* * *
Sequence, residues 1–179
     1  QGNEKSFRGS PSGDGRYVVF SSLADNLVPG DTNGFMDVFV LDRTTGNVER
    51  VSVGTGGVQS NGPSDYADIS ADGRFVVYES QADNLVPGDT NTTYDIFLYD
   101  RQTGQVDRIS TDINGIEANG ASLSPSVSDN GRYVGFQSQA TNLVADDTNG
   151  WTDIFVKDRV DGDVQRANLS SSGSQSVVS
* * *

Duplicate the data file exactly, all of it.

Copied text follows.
Sequence, residues 1–179
     1  QGNEKSFRGS PSGDGRYVVF SSLADNLVPG DTNGFMDVFV LDRTTGNVER
    51  VSVGTGGVQS NGPSDYADIS ADGRFVVYES QADNLVPGDT NTTYDIFLYD
   101  RQTGQVDRIS TDINGIEANG ASLSPSVSDN GRYVGFQSQA TNLVADDTNG
   151  WTDIFVKDRV DGDVQRANLS SSGSQSVVS